The Yashica Lynx 14 is iconic. It's the Vietnam war camera. Johnson was in the Whitehouse, and Pearson was in Ottawa. Everybody's favourite uncle owned one, and took all the summer holiday family pictures with one. There have been a lot of Yashica Rangefinder cameras showing up in the classifieds and in yard sales, since digital came along to make everybody think that film is a thing of the past.
But not all Yashica Rangefinders were created equal. The Lynx-14 came out before the once famous Japanese company "progressed" into their convoluted attempts at automation of shutter speeds. Suddenly, it was thought that nailing the exposure with an electric eye, automatically, might be a good thing, and I can't argue - yes it's a great idea. Unfortunately, it became Yashica's demise, as they were concentrating so much on putting transistors and wires into their cameras, the mechanical and optical quality for which they were once the supreme Ninjas began to suffer badly. The Lynx-14 came along before all that.
The one that I recently picked up after a long wait for the Salvation Army Thrift Store to drop it's price from $89 to a much closer to market value of $39 is actually a "14e" model. The "e" means they added the first hint of the electronics that would become their downfall - it was an electric eye, with an integrated circuit, no less, that powered a three-light viewfinder system to tell you if you were too hot, too cold, or just right, with your exposure. It created a very ugly looking vestige on the front plate of an otherwise very pretty camera, but fortunately, this is the only thing that changed. Coincidently, by the time Yashica added the "e" to the Lynx-14, the world had changed a lot more - Nixon was in the White House and Trudeau was in Ottawa, but Vietnam was still raging on. This camera would look right at home in the TV series Mad Men, right along with the gold cigarette lighters, Rolex watches and Stetson Fedoras.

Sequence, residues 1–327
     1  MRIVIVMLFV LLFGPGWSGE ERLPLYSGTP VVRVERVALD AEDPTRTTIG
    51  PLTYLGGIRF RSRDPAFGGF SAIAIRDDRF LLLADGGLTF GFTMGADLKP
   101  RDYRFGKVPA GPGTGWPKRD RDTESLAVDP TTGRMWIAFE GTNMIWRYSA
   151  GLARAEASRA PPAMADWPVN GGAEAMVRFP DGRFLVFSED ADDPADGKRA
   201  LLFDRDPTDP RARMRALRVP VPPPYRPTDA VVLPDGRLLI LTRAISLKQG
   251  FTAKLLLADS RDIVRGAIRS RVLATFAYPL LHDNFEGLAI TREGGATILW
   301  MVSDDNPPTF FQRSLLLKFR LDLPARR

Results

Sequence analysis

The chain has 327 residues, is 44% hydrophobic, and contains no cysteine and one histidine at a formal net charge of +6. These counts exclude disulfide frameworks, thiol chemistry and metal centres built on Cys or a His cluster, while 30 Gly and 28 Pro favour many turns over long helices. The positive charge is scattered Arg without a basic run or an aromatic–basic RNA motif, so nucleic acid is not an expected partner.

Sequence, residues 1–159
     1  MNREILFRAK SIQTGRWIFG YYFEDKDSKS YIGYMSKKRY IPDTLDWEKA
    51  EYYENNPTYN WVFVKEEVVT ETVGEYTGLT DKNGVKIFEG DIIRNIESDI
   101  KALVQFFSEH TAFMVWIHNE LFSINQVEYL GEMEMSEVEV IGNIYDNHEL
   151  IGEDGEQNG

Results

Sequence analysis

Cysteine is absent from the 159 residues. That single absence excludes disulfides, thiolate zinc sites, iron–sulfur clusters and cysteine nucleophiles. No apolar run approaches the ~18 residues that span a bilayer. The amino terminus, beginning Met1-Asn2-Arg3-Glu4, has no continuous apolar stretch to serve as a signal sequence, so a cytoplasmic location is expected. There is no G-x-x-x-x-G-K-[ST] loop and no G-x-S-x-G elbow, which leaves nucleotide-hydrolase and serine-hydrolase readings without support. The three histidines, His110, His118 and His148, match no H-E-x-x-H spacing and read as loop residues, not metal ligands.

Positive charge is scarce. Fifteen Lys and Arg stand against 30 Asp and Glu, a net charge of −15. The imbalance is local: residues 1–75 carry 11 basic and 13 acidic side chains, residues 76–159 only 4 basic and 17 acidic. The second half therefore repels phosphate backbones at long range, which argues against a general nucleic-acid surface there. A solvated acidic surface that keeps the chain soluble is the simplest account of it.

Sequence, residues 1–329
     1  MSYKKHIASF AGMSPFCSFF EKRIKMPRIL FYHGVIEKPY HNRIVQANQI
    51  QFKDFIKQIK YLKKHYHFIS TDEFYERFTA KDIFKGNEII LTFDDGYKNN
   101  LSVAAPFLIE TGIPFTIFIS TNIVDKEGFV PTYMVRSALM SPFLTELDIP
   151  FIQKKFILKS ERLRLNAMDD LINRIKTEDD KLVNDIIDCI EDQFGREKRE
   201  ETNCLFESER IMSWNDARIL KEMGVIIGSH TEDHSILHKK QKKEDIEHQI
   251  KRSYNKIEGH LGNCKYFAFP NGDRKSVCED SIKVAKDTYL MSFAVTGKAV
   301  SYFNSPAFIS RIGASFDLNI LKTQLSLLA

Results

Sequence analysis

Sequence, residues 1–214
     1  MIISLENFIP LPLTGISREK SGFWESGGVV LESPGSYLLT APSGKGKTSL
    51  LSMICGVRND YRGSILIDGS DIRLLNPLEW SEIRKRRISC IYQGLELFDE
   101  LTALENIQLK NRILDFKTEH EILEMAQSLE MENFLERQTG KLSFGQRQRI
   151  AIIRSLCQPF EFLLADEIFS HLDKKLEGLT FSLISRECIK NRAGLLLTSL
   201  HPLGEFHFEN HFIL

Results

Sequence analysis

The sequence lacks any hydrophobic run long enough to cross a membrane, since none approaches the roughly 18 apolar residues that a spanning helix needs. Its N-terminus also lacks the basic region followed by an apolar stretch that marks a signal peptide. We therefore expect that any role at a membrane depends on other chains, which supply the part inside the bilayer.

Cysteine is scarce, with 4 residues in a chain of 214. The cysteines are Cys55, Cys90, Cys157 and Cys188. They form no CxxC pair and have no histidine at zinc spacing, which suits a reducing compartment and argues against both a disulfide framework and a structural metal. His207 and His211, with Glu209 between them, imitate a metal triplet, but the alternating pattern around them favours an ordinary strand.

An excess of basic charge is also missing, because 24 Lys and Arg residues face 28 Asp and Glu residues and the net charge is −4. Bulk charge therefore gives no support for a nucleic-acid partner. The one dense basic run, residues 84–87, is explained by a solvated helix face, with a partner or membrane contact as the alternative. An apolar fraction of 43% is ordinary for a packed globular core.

But look at the photos that it makes! That enormous f1.4 lens, with it's built-in Copal shutter must be right up there with the all time world's best! I was amazed to see the scans that came out of my humble Epson V500 with this roll of film. In fact, as I was guessing every exposure, because I haven't bothered looking for replacement batteries for the "e" part of the camera, and also left my phone camera with it's light-meter app at home, I thought this roll was going to be a complete disaster. Not so! Either I'm getting very good at estimating, or it is like the experts say about the new films - they are very forgiving, and you can be four stops off either way and still get a good exposure. Case in point - for this shot I had been shooting outdoors using 1/250 sec at f8, and completely forgot to change my exposure after moving indoors. I boosted the exposure in the scanner's software by a couple of stop values (Newbies - this used to be called "pushing" when prints were done in the darkroom) -
So - I'll stop now. It's a Yashica with a fantastic lens, it's got a rangefinder, which for you newbies is like a second viewfinder that helps you get perfect focus very quickly by aligning a split-image into one, it's amazingly well crafted, a true classic, it takes the best pictures of any camera that I own, and it only cost me $39. Now - enjoy the pictures: